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Sex and Seasonality: Reproduction in the Echidna (Tachyglossus aculeatus)

  • Stewart C. Nicol
  • Gemma E. Morrow
Chapter

Abstract

We studied seasonality in free-ranging echidnas (Tachyglossus aculeatus) in Tasmania near the most southern part of their range. Both sexes showed a large seasonal variation in body mass associated with hibernation and reproduction. Male echidnas entered hibernation in mid-February (late summer) and females 1 month later. Not all reproductively mature adults mated every year: in non-reproductive years both sexes hibernated for approximately 6 months, becoming active in spring when ecosystem productivity was increasing and reliable. In reproductive years, males aroused from hibernation in early winter, and sought out females. Matings began before females had completed hibernation, and females re-entered hibernation between matings and sometimes when pregnant. This timing of mating ensures that maximum growth rate of the young coincides with the period of greatest ecosystem productivity, while female torpor through the mating period minimizes energy expenditure during the time of lowest food availability.

Keywords

Reproductive Status Mating Group Ecosystem Productivity Mating Period Minimize Energy Expenditure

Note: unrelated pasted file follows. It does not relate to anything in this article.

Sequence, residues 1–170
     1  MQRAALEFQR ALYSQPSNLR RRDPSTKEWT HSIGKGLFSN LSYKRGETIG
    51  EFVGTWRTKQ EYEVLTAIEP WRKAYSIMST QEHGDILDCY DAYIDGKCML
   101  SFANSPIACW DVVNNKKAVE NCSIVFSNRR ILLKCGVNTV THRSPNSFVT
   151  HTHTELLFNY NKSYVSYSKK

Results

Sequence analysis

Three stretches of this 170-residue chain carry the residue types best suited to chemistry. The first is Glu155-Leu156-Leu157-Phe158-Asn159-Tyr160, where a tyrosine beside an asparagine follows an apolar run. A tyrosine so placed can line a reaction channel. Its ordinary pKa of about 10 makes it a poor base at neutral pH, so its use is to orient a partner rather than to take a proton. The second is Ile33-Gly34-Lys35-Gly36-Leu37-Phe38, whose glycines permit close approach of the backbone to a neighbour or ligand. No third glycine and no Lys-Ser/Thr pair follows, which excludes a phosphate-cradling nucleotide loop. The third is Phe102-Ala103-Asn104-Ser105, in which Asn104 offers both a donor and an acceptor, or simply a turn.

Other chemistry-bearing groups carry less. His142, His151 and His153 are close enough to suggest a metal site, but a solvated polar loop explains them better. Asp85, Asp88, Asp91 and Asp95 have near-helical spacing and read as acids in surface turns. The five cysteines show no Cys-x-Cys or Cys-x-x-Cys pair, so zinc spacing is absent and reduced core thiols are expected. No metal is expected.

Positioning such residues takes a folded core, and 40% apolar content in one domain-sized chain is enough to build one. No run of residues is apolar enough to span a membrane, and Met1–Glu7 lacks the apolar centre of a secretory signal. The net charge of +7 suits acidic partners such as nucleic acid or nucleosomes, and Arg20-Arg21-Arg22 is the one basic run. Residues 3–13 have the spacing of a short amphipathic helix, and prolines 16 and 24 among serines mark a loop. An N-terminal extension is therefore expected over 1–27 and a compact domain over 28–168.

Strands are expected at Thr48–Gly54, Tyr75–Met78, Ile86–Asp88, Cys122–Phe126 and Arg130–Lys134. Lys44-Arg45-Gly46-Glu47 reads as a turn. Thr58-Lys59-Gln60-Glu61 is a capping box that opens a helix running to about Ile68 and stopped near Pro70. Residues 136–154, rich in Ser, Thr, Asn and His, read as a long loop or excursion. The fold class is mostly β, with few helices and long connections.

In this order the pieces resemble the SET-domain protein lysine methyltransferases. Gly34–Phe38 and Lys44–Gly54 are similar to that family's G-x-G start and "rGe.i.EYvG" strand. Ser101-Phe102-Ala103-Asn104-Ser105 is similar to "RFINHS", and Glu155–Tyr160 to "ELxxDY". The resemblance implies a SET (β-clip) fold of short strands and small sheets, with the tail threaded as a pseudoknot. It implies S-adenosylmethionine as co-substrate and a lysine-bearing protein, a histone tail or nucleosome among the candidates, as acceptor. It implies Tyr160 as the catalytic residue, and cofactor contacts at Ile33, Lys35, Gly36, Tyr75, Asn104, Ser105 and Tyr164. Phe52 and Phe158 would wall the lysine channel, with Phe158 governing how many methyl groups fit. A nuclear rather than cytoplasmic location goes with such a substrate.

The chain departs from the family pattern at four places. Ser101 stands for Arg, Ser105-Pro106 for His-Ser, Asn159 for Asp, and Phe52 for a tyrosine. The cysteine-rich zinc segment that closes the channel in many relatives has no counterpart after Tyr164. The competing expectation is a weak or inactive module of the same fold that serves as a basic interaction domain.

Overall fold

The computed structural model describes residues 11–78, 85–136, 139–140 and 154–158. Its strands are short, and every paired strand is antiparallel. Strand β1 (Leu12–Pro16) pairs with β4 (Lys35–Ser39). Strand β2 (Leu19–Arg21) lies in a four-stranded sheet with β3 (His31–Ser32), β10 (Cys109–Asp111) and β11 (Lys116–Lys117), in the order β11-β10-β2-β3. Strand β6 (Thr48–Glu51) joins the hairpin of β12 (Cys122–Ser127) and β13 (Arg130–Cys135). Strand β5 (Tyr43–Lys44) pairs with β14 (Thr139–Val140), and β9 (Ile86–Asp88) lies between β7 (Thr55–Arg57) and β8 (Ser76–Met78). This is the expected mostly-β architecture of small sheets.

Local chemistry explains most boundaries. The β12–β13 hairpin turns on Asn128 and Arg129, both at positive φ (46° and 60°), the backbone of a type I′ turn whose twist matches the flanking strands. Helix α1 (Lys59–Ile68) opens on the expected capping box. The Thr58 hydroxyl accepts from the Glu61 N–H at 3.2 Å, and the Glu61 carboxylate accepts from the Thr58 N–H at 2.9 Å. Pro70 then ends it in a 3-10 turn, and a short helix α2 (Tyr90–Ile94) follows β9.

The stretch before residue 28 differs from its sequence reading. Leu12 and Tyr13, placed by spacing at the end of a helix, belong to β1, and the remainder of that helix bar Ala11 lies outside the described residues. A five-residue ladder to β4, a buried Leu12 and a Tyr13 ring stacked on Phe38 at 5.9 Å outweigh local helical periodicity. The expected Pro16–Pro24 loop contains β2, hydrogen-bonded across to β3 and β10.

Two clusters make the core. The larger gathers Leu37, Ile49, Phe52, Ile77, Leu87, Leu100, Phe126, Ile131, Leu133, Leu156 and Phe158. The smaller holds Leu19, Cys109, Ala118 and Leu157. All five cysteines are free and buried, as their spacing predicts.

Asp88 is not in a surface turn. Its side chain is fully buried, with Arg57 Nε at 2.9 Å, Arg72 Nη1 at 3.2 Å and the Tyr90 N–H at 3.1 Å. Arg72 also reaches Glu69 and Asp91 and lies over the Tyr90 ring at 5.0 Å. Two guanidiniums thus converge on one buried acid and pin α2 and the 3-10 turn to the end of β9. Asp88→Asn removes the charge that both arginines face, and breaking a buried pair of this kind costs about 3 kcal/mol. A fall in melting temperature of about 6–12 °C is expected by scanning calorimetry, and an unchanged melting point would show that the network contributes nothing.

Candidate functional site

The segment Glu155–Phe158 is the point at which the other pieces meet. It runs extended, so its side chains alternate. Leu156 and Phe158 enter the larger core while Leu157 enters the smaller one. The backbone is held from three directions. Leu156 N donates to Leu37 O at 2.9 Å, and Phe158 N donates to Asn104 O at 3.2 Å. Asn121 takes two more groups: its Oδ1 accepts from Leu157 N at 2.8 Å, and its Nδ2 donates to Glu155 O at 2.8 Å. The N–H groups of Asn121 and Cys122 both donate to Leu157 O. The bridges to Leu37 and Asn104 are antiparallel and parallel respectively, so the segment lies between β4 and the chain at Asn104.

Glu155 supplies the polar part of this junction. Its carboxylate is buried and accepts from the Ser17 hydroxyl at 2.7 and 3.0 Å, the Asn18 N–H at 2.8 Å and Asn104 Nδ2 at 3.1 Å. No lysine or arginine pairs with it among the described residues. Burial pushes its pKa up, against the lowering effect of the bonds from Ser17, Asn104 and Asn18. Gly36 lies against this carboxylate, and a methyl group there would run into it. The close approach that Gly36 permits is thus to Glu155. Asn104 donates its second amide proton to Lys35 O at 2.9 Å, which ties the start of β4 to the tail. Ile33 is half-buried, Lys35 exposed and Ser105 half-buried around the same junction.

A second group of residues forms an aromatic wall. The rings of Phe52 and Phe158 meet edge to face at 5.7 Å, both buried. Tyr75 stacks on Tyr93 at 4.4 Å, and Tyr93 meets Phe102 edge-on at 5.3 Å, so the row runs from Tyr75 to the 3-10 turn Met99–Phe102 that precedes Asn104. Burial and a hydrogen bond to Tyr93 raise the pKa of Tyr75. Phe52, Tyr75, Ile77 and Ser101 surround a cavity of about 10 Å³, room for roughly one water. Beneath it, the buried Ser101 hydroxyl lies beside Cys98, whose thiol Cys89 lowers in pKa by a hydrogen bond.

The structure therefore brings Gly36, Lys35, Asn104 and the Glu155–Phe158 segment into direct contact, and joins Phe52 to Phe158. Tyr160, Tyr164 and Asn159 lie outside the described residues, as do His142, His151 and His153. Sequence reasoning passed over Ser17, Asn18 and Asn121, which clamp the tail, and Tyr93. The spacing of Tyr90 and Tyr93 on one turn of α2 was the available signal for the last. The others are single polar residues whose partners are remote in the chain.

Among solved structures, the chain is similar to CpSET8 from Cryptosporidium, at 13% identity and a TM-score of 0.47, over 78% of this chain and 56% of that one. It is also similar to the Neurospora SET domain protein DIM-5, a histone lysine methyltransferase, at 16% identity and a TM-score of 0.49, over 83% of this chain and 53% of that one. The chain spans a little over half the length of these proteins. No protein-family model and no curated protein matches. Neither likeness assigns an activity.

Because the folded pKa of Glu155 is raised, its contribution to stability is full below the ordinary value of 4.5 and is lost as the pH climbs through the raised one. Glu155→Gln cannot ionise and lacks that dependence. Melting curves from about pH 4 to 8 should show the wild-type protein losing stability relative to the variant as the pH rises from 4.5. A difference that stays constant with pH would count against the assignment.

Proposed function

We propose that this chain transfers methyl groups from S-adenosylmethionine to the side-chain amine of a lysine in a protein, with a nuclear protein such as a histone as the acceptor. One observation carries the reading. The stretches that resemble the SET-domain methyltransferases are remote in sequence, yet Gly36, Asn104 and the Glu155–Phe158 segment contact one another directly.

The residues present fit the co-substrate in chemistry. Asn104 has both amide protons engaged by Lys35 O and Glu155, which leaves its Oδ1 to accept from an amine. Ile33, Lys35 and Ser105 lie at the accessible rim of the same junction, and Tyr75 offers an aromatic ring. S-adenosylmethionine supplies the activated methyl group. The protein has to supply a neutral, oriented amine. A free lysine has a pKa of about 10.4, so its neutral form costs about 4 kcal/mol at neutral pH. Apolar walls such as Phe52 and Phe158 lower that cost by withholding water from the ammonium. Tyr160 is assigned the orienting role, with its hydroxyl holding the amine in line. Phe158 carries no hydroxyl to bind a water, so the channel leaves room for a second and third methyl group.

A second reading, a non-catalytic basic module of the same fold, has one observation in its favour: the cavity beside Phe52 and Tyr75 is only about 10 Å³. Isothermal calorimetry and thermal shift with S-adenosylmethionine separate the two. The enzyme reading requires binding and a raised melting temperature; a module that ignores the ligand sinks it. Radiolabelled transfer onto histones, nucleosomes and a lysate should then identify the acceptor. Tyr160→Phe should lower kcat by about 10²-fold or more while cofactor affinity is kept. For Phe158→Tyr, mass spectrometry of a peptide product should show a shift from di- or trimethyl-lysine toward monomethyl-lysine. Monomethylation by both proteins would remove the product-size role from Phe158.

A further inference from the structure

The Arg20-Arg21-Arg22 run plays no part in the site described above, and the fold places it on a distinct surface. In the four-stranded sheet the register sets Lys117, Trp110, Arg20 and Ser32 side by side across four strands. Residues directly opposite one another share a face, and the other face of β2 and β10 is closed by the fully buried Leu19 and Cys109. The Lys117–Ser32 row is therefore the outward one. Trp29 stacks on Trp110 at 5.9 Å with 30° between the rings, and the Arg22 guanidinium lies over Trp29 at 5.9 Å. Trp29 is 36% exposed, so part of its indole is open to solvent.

These keywords were added by machine and not by the authors. This process is experimental and the keywords may be updated as the learning algorithm improves.

Notes

Acknowledgments

We thank all those people who have assisted with collecting data in the field, particularly Niels Andersen, Rachel Harris and Jenny Sprent, and the McShane family for allowing us continued access to their property. We are indebted to Mike Perring and Mark Hovenden for the productivity modeling. This work was carried out under permit from the Tasmanian Department of Primary Industries, Water and Environment, and the University of Tasmania Animal Ethics Committee, and complies with the Tasmanian and the Australian Code of Practice for the Care and Use of Animals for Scientific Purposes (2004). We are grateful for financial support from the Australian Research Council, the University of Tasmania Institutional Research Grants Scheme, the National Geographic Committee for Research and Exploration, and the Holsworth Wildlife Research Endowment.

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Copyright information

© Springer-Verlag Berlin Heidelberg 2012

Authors and Affiliations

  1. 1.School of ZoologyUniversity of TasmaniaHobartAustralia

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